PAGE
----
Many people use food as emotional insulation to protect themselves from further hurt, or as a drug to dull the pain of a meaningless existence, a broken marriage, or the death of a loved one. When the US government started giving tax breaks for insulating homes to conserve energy, it made environmentalists very happy. Many chronically overweight people have been giving themselves a feeling" break for a long time as they pile on layer after layer of fat in an attempt to insulate their hearts, and guts, and sexual organs from emotional energy loss. But the break is only temporary and eventually leads to something worse. The real needs aren't being addressed. Cindy's story illustrates this.
Cindy gave birth to a beautiful eight-pound boy, only to learn that her child was deaf. Distraught with grief, she began to eat excessively and consequently to gain weight. Fifteen years and an extra eighty pounds or so later, she realized that she hadn't cried since "I can't remember when," her desire for sex had long since died, and her world was shaded in gray. Cindy's body had become her refuge. She had attempted to shield herself from being disappointed and hurt again, but she was far from happy. It had been an unsuccessful and costly strategy that produced new and different problems and had really not alleviated the pain.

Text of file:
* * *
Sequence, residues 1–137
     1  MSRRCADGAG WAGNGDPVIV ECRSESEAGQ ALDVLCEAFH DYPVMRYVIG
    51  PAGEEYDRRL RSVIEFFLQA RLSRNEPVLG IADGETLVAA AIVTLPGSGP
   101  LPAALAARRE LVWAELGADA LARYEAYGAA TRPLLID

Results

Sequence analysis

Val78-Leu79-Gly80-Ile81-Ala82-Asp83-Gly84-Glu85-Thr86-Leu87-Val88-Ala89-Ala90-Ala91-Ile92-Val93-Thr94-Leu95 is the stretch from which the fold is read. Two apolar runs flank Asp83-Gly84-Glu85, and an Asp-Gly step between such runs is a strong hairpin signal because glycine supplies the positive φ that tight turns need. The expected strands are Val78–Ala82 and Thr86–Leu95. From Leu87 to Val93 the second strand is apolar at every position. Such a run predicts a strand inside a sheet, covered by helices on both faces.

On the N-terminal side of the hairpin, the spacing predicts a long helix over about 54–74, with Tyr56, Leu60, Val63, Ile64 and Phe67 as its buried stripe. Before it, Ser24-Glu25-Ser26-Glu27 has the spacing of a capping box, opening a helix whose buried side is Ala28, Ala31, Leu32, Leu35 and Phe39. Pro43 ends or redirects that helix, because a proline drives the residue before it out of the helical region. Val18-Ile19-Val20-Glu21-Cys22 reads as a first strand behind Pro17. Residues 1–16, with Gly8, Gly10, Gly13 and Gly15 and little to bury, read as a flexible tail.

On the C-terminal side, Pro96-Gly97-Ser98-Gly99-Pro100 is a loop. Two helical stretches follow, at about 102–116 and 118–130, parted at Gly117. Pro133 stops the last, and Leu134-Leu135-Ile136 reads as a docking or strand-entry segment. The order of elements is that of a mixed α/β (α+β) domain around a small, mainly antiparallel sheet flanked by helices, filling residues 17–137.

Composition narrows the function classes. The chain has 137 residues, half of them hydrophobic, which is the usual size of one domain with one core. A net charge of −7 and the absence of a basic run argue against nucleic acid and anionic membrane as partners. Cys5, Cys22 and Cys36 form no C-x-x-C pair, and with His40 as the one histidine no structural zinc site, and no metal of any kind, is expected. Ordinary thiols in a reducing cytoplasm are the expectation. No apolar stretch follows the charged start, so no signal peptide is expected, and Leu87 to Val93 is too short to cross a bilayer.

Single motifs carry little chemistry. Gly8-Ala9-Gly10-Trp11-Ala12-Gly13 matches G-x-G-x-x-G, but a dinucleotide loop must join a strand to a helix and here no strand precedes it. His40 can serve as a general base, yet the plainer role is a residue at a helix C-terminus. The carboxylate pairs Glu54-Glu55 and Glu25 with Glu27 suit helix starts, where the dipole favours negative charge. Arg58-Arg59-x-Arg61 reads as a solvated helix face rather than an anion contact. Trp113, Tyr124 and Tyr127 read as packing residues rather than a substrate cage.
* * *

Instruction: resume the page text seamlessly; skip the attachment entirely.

It isn't hard to understand the lessons in Cindy's case. At some time in our lives most of us have used food to mask or alleviate pain, or as an unconscious means of punishment and self-destruction. Or we may have denied ourselves food and so diverted our attention to a new pain.